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Informality takes over labor activity in Panama

By Mary Triny Zea

Of the 10,000 new informal workers added monthly to the Panamanian economy, 9,000 come from commerce, construction, tourism, industry, logistics, and other service activities, said consultant and economist René Quevedo.

“These sectors are no longer attractive for private investment”, he commented, pointing out that in all these sectors, small, medium, and micro formal and informal companies have significant participation as suppliers.

Today, more than 40% of the MSMEs have closed their operations, mostly affected by the pandemic, adding workers to the ranks of unemployment and informality.

tourism, Informality takes over labor activity in Panama
A Venezuelan immigrant serves soup to a customer in a Panama City restaurant (Photo internet reproduction)

“We go from generating a little more than 3,000 informal per month (3,079) in 2019 to more than 10,000 in 2022″, highlighted Quevedo.

Eduardo Gil, from Convergencia Sindical, argued that “we must be careful with statistics” because the problem is bigger “since informality is much higher”.

The data of total informal employment and by sex from 2019 to 2022 register, according to the National Institute of Statistics, the following results: 716,113 informal workers in 2019, 677,875 in 2021, and 737,922 in 2022.

However, when comparing 2022 with 2021, the result shows an increase of 60,047 new informal workers from one period to the other, an inter-annual variation of 0.7 percentage points and 3.4 percentage points in relation to 2019.

Analyzed by sex, these same data show that in 2019 there were a total of 392,025 male informal workers, and in 2022 about 430,904; that is, 38,879 new male informal workers, and as for women, in 2019, there were a total of 324,088 and in 2022 about 307,018, reflecting a decrease of 17,070 fewer women in informality, a reduction of 5.2%.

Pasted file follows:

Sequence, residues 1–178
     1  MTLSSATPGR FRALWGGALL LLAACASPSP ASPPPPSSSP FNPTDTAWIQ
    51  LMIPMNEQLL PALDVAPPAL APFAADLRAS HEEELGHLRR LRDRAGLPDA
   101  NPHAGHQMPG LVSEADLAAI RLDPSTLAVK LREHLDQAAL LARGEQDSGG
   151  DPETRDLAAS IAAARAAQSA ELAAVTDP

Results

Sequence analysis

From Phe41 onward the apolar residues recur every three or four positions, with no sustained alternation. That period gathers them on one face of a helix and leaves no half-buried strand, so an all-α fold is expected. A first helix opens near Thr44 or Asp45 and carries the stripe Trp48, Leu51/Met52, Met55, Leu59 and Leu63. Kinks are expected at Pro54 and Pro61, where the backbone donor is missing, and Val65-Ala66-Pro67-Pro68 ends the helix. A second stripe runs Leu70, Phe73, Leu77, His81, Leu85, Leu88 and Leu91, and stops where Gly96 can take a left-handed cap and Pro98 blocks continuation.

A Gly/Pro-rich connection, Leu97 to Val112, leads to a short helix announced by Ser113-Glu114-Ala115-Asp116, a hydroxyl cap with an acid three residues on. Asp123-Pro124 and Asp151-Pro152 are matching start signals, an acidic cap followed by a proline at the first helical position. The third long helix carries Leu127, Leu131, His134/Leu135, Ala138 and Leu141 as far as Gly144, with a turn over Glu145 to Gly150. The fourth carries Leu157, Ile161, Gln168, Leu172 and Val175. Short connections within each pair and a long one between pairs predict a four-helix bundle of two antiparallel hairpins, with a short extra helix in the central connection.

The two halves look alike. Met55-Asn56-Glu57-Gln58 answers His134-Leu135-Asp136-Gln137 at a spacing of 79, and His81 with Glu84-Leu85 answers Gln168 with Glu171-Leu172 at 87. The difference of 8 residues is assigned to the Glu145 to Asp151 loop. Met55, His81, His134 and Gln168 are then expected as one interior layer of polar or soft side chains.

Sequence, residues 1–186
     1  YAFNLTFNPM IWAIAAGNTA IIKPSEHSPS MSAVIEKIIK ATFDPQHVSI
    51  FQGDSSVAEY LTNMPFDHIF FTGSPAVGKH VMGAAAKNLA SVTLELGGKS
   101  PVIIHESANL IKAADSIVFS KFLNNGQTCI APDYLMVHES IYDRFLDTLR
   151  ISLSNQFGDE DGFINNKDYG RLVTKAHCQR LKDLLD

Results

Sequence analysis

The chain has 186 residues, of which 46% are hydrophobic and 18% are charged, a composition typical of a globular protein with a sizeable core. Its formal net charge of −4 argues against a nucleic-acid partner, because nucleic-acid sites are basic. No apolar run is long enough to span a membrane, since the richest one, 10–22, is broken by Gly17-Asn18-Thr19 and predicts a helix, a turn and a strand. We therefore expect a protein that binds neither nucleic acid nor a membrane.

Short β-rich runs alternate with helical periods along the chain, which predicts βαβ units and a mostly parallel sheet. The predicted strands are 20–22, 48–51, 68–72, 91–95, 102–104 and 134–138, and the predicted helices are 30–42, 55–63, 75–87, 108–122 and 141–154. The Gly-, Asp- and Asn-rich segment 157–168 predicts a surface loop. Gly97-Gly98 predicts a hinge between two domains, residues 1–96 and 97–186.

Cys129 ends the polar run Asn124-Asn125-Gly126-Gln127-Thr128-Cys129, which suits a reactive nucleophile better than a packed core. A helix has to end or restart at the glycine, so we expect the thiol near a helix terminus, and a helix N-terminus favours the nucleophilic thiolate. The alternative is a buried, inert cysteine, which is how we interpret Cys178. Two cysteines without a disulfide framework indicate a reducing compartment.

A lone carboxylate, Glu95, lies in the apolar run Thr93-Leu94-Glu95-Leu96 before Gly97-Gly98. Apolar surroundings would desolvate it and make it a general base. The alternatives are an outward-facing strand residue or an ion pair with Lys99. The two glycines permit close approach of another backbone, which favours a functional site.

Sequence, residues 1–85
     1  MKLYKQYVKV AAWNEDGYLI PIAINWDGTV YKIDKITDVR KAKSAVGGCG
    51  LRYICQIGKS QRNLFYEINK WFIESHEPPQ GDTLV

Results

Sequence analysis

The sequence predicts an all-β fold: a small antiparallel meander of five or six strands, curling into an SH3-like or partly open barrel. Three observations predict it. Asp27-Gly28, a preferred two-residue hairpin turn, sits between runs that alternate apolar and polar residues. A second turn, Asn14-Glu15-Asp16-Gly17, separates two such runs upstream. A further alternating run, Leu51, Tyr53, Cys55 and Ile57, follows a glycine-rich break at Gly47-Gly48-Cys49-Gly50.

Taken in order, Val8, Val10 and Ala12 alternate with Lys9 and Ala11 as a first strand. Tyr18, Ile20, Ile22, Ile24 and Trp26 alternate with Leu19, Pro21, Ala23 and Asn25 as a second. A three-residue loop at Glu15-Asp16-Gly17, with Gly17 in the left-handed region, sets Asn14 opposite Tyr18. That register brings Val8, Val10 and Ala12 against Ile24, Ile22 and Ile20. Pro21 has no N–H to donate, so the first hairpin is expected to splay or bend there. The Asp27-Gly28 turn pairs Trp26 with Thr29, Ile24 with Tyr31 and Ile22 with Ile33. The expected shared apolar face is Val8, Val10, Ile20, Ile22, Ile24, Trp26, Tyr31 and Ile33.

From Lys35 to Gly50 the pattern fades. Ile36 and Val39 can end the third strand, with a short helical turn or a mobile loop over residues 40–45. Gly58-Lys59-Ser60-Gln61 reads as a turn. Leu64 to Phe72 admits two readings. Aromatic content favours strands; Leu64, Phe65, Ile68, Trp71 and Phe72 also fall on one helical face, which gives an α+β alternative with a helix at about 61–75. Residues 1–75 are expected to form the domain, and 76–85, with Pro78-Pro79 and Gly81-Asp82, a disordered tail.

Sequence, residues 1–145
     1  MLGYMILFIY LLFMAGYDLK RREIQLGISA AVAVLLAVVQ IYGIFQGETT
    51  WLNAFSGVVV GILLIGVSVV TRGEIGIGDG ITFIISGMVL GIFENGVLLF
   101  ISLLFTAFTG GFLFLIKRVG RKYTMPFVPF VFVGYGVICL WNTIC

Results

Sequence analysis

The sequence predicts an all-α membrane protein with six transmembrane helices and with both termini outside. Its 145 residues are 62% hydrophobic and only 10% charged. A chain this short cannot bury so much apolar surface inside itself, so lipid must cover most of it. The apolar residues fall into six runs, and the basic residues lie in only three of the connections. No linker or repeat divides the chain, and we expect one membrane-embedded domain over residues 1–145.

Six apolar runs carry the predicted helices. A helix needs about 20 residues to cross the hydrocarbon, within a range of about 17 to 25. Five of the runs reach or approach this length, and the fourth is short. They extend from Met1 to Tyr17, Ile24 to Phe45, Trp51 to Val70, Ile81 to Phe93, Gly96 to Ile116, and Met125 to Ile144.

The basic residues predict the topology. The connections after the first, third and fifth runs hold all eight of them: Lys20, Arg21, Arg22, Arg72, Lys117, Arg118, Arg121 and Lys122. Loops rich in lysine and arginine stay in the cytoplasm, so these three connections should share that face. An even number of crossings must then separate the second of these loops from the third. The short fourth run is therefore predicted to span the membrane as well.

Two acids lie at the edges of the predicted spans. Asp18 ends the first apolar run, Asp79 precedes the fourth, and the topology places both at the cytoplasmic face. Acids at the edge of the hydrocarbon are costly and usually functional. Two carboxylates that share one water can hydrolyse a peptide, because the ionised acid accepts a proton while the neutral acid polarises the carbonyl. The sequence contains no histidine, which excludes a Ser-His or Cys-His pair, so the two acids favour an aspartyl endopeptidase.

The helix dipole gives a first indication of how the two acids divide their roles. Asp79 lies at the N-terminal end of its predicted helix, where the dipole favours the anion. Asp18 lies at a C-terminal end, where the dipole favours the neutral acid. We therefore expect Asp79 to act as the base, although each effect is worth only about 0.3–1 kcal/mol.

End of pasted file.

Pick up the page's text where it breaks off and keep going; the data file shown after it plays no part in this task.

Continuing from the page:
However, the document states that “it is noteworthy that 108,715 workers, equivalent to 14.7% of the total work in formal sector companies, which suggests that illegal and unfair labor contracting practices are being applied in these companies”.

The Ministry of Labor and Labor Development reported that in the first quarter of 2023, it processed 60,000 contracts at a rate of 20,000 per month, the same average as 2022, versus 33,626 per month in the first quarter of 2019.

According to the World Bank, Panama’s employment rate in 2022 reached 62.3%, and the unemployment rate fell to 9.9% but still lagged behind 2019 levels.

Before the Covid-19 pandemic, Panama’s economy grew four times the regional average, propelling it to high-income country status.

From 2014 to 2019, Panama’s GDP grew at an average rate of 4.7%, while the Latin America and Caribbean region grew at an average of 1.1%.

In 2020, GDP contracted by 18%, the most significant in the region due to the pandemic, according to the World Bank.

With information from Bloomberg

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